A leap to the actual past via the Remembrances of Time causes Bayonetta to meet her mother, Rosa. They fight together as the Witch Hunts break out. It’s a touching moment as the two team up and Bayonetta’s mother kicks some serious ass. Their combined power proves too much for most of the angelic hordes. Unfortunately, the angels win by sheer volume. It’s devastating to watch the massacre of the witches that resulted in the permanent divide that still mars the world hundreds of years later. When her mother is killed by someone who appears to be Loki and neither Bayonetta nor Balder are able to stop it, we experience one of the most painful moments in both their lives.
But Loki isn’t the culprit. As we learn, Loki is actually only one half of the god of Chaos, Aesir. Many eons ago, Aesir believed that the best way to create balance in the chaos of the universe was to split both his power and his soul. His strength was channeled into the Eyes of the World, the Left Eye held by the witches and Bayonetta, and the Right Eye by the sages and Balder, so that they could always offset each other. Likewise, he split his personality with the good side in Loki and the darker half in Loptr, who’s the one who actually killed Rosa.
When Loptr overpowers both Bayonetta and Balder and absorbs the power of the Eyes into his own, all seems lost. That’s when Loki reveals Aesir’s true power, “nothingness.” He destroys both Eyes, releasing all of that power back to the world which will prevent it from being controlled by any single being. At a deeper level, it’s also about the binary divisions of “good” and “evil” that bind humanity. Only in their destruction can free will actually take place. There are no simple guides where the angels are monstrous or the witches and their demons fight for justice. Those divisions have to be annihilated from existence so people can make their own choices without the noose of a hypocritical morality to constrain them. As Loki realizes, we often associate chaos with something negative when it’s something we shouldn’t necessarily fear. Nothingness isn’t a bad thing.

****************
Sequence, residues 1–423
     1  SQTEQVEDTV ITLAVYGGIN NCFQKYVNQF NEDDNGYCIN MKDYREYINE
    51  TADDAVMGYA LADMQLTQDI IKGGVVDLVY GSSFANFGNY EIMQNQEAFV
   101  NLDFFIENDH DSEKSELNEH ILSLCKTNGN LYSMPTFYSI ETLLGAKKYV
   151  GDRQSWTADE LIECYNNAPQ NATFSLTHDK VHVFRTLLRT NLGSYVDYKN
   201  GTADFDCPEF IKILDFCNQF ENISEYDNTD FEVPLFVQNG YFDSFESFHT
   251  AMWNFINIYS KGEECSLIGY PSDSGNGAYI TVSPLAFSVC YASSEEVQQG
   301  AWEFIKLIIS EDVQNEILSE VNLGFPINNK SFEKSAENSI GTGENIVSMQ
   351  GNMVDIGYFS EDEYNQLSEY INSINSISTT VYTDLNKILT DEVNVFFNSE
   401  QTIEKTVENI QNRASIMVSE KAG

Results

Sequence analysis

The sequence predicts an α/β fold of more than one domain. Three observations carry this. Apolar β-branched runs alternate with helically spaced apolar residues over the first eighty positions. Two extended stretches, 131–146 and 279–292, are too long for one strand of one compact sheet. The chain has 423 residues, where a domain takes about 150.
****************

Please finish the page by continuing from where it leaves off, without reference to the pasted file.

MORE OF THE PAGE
The game’s ending made me question what a world without religion would look like. It’s interesting to note that Balder’s descent into the the fanatic authoritarianism of the Ithavoll Group from the first Bayonetta began in tragedy and a desperate attempt at finding resolution/vengeance. Human suffering is at the core of many religions, and the attempt to find some kind of answer, no matter how illogical it might be, will always draw people towards creeds that attempt to fill that void.
This is why Bayonetta stands out even more. She’s suffered innumerable tragedies, but remains true to herself through it all. She doesn’t find easy crutches, but relies on herself (and her guns). Her confidence and self-assuredness mark a powerful contrast to everyone around her. When a terrible tragedy strikes in the death of her friend, she doesn’t mourn her or get consumed by sorrow. She immediately launches herself into the pits of hell to rescue her.
With the game re-releasing on Switch and a sequel coming soon, I hope many more gamers can experience Bayonetta’s adventures, not just for the awesome action sequences, but the surprisingly compelling story as well.